+
upworthy
More

Kenya's unique approach to rape prevention should have the rest of the world taking note.

You may have seen the story circulating around the internet lately about a group of boys in Kenya whose quick thinking and intervention stopped a rape in progress. Here's the program that taught them what to do.Trigger warning for discussion about sexual assault and prevention programs.

For years, Kenya has faced an epidemic of sexual assault.

1 in 4 women and girls living in Nairobi have been sexually assaulted. Schoolgirls were frequently raped by friends and boyfriends. Clothes have been torn from women's bodies in public.

Here's what they did.


In 2010, the group No Means No Worldwide began offering self-defense classes to Nairobi schoolgirls, teaching them how to fight back against rape.

In its early stages, the program focused on providing women in the poorest parts of Kenya with self-defense skills. The program focused on empowering women, not shaming them.

After launch, program founders worked to develop Your Moment of Truth, a separate program for boys.

During early No Means No sessions, girls told instructors that the biggest problems were the boys themselves. The most common attackers were boyfriends.

The program learned that many boys believed it's justifiable to rape girls who are out alone after dark, wear miniskirts, or are taken on expensive dates.

No Means No developed Your Moment of Truth to highlight life's tough choices, which, in this case, included whether it's OK to rape someone. The program was a huge success.

Rape by friends and boyfriends dropped by 20% in schools teaching the Your Moment of Truth program.

Later this year, the Journal of Interpersonal Violence plans to publish a study highlighting the positive effect this training has had on boys.

The study found that boys who go through training were more likely to intervene when witnessing a girl being assaulted, and they were less likely to verbally harass girls. Additionally, schools featuring this program found that rape by girls' friends and boyfriends dropped dramatically.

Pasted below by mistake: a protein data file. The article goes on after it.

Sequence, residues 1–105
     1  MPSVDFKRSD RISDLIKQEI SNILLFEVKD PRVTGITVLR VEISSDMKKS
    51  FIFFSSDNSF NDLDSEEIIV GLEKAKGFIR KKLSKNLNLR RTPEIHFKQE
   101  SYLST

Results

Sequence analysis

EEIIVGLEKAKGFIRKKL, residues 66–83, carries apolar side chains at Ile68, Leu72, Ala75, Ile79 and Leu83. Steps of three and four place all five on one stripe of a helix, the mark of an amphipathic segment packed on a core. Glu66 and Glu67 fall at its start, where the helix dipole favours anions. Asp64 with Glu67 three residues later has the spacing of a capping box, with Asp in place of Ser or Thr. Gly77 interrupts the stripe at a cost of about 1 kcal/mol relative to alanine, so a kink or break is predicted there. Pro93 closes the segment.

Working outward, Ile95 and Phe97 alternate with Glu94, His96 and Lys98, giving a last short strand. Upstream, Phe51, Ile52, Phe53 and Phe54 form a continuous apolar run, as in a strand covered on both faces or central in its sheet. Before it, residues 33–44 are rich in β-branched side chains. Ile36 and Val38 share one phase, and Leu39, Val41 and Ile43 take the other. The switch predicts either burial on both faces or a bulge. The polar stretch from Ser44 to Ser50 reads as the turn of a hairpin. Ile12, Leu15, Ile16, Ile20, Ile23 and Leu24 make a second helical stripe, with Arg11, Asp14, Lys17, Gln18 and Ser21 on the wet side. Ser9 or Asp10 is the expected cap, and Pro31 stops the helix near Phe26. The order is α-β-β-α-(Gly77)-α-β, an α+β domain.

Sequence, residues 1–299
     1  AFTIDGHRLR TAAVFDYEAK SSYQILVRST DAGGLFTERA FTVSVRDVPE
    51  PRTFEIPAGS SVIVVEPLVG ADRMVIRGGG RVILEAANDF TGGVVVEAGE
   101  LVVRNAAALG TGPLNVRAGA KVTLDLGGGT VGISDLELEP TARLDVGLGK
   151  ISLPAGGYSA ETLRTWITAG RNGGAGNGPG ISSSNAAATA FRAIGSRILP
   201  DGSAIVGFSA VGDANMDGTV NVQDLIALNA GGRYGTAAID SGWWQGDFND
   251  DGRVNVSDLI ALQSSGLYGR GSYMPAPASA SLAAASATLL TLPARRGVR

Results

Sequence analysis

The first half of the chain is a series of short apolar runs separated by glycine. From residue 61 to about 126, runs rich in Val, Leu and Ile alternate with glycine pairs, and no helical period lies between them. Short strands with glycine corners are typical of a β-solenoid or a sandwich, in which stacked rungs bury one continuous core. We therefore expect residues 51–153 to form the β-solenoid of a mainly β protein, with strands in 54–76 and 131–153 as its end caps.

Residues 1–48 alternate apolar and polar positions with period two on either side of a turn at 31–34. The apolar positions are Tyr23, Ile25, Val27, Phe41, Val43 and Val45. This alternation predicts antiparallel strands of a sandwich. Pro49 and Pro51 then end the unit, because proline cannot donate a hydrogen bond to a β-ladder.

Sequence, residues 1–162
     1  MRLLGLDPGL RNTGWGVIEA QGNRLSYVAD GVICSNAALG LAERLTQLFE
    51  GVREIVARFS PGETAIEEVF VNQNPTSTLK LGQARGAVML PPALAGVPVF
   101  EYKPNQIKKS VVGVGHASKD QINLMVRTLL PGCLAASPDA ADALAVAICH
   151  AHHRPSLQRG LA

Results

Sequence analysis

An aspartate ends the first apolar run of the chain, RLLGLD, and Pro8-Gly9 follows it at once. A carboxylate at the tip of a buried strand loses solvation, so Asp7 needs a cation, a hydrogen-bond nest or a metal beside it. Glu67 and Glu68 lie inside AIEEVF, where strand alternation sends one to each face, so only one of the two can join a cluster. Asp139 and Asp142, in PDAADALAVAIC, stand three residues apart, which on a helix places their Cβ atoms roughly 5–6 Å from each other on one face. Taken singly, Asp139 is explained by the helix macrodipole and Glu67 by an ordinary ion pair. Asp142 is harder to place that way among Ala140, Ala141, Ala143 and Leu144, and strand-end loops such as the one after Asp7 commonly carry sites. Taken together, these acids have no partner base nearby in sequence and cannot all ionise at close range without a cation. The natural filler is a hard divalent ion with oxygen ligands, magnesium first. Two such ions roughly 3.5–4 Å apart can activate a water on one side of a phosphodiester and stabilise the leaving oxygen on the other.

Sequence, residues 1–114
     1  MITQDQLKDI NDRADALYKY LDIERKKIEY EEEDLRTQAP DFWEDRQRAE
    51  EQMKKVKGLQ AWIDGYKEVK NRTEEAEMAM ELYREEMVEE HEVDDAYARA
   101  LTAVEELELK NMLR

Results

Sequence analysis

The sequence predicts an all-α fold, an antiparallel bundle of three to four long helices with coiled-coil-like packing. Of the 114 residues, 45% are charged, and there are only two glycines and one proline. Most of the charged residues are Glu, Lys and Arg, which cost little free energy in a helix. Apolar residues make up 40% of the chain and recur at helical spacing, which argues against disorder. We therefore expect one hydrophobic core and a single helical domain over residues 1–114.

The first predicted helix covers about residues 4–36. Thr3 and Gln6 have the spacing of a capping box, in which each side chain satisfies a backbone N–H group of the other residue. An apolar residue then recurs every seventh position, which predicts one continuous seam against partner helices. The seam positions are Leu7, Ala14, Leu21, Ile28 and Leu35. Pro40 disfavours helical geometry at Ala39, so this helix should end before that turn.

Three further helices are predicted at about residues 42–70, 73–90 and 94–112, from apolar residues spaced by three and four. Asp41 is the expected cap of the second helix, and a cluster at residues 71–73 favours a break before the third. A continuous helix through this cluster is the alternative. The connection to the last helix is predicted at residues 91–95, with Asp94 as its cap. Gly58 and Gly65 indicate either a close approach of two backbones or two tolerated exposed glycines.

By 2017, every secondary student in Nairobi will undergo assault prevention training.

By teaching kids when they're young, they're being empowered for the future. Educating young generations is key in effecting long-term social change.

In many parts of the world, assault prevention starts and ends with what women can do to avoid putting themselves in "high-risk" situations. These are not effective.

Researchers used Kenya's scenario to test the two methods. One group of women received the No Means No training while the other took a life-skills class. Girls who received the No Means No training saw a nearly 40% decrease in rapes in the year following the program. Girls who took the life-skills offering were raped at the same rate.

Not only is teaching women how to avoid "high-risk" situations ineffective, but it shifts the blame to the victim for being raped instead of putting it on the rapist for actually committing the crime.

Committing a crime is a choice, and the No Means No program empowers young boys to choose not to commit that crime.

The world should take a cue from Kenya: Empower girls and teach men not to rape.

This is a proven program, and it's time to roll it out around the world. Suggesting that women are somehow "asking for it" because of something they wear or something they do won't help stop rape. Kenya's approach is wonderful because it empowers and educates instead of blaming and shaming.

If there's hope of removing rape from the world, it needs to start with early education on the topics of consent and assault.

Check out this No Means No video to learn more about their boys program:

Pop Culture

Two brothers Irish stepdancing to Beyoncé's country hit 'Texas Hold 'Em' is pure delight

The Gardiner Brothers and Queen Bey proving that music can unite us all.

Gardiner Brothers/TikTok (with permission)

The Gardiner Brothers stepping in time to Beyoncé's "Texas Hold 'Em."

In early February 2024, Beyoncé rocked the music world by releasing a surprise new album of country tunes. The album, Renaissance: Act II, includes a song called "Texas Hold 'Em," which shot up the country charts—with a few bumps along the way—and landed Queen Bey at the No.1 spot.

As the first Black female artist to have a song hit No. 1 on Billboard's country music charts, Beyoncé once again proved her popularity, versatility and ability to break barriers without missing a beat. In one fell swoop, she got people who had zero interest in country music to give it a second look, forced country music fans to broaden their own ideas about what country music looks like and prompted conversations about bending and blending musical genres and styles.

And she inspired the Gardiner Brothers to add yet another element to the mix—Irish stepdance.

Keep ReadingShow less
Science